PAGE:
Betting on Results

Posted: November 12th, 2015 | Author: | | 1 Comment »

Alex pointed me to this on 538:

Today in the Proceedings of the National Academy of Sciences, Nosek and an international team of researchers present a tool for doing that — betting. They found that compared to simply asking experts to predict the likelihood that studies will be reproduced, asking them to bet money on the outcomes improved the accuracy of the guesses.

The researchers began by selecting some studies slated for replication in the Reproducibility Project: Psychology — a project that aimed to reproduce 100 studies published in three high-profile psychology journals in 2008. They then recruited psychology researchers to take part in two prediction markets. These are the same types of markets that people use to bet on who’s going to be president. In this case, though, researchers were betting on whether a study would replicate or not.

Before each prediction market began, participants (47 actively took part in the first market, 45 traded in the second) were asked two questions: How likely do you think it is that each hypothesis in this market will be replicated, and how well do you know this topic?

They were then given points worth a total of $100 to bet on whether the studies in their prediction market would replicate. A replication was considered successful if it produced a result, with a p-value of less than 0.05, in the same direction as the original result. Players entered the market with 10,000 points each and could buy and sell contracts for each hypothesis. If a replication succeeded, then its share paid 100, but if the replication failed, then it paid nothing. “If you believe the result will be replicated, you buy the contract, which increases the price,” said the study’s lead author, Anna Dreber, an economist at the Stockholm School of Economics. “If you don’t believe in a study, then you can short-sell it.”

….The prediction market correctly called nearly three-quarters (71 percent) of the attempted replications, 39 percent of which succeeded in the reproducibility project. By comparison, the survey conducted before the market began correctly predicted the result of only 58 percent of the replication studies. The prediction market anticipated a finding’s reproducibility better than asking the same bunch of experts to put their best guesses in a hat.

Our team has sometimes done that at Bridge. For example, we’ve had a pool for over a year to predict our kids’ KCPE scores. Not sure yet how we did!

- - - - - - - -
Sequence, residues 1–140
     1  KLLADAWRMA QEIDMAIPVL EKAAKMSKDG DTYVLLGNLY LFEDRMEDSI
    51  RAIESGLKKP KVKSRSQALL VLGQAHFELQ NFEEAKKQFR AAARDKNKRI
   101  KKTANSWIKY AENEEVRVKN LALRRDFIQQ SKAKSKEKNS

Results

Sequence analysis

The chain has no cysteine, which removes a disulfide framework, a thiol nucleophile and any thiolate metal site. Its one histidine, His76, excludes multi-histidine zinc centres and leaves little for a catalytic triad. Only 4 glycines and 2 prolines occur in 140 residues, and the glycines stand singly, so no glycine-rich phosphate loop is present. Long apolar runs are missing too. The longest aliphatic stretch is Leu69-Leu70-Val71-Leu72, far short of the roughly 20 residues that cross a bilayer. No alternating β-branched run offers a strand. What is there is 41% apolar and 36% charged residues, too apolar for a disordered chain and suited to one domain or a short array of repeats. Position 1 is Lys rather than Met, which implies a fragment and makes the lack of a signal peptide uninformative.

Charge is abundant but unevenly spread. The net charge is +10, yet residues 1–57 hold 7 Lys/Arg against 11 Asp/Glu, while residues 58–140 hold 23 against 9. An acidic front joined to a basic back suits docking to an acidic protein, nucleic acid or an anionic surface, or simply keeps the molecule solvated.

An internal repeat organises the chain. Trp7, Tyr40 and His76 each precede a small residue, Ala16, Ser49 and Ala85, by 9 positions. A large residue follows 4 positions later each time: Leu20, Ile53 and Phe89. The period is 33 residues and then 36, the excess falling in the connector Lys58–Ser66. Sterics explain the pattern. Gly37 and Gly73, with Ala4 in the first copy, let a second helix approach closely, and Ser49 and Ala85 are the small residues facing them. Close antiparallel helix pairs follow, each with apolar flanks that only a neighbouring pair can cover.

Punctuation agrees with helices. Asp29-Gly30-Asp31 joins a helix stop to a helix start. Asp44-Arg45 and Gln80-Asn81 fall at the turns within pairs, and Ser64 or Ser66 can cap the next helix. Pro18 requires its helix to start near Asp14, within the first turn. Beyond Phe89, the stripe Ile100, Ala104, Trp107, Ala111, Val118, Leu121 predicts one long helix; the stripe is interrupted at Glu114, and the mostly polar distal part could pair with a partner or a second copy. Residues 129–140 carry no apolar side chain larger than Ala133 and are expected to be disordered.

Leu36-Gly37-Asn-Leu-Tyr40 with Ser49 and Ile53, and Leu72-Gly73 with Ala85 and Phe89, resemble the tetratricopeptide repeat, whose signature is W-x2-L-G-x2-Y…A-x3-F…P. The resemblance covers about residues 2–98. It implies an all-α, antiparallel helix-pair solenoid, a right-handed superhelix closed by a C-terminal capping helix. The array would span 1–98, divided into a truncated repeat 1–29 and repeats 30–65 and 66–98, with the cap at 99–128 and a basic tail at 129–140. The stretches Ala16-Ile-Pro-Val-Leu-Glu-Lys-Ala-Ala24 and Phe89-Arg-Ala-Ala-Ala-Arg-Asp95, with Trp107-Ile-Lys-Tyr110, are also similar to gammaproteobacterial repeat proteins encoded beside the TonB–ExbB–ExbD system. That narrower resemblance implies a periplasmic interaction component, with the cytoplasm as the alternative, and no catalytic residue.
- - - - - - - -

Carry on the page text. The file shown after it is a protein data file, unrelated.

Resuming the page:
“The beauty of the market is that we allow people to be Bayesian,” Dreber said. People come in with some prior belief, but they can also follow prices to see what other people believe and may update their beliefs accordingly. While the survey required everyone to provide an estimate for every study, participants in the market could focus their bets on the studies they felt most sure of, and as a result, rough guesses didn’t skew the averages as much.

Finally, putting money at stake motivated people to try harder to find the right answer and reveal what they really think. “It’s really putting your money where your mouth is,” Dreber said. “You want to see what people do, not what they say.”

I’m not sure if our “winner gets to pick restaurant, everyone else takes him/her out” is particularly motivating. But I do think we changed our picks to a degree as we noticed what others said, and were allowed to ask their rationale.


One Comment on “Betting on Results”

  1. 1: Anne Barton-Veenkant said at 9:16 am on June 6th, 2016:

    Hello Mike,

    This is an exciting new school network that you are founding and expanding! I have been browsing the website to learn more. I discovered it while looking for an e-mail address for you, which I was unable to find, but I did find your blog.

    I work with KIPP in St. Louis, MO, and have been reading and studying your book, Phoning Parents, to create structures for our school in its founding year.

    I wanted to share an online course I created for our staff as they study the book this summer leading up to PD, in case it could be helpful to your colleagues at Match, or perhaps now at Bridge International. The link to the folder is in the “website” field.


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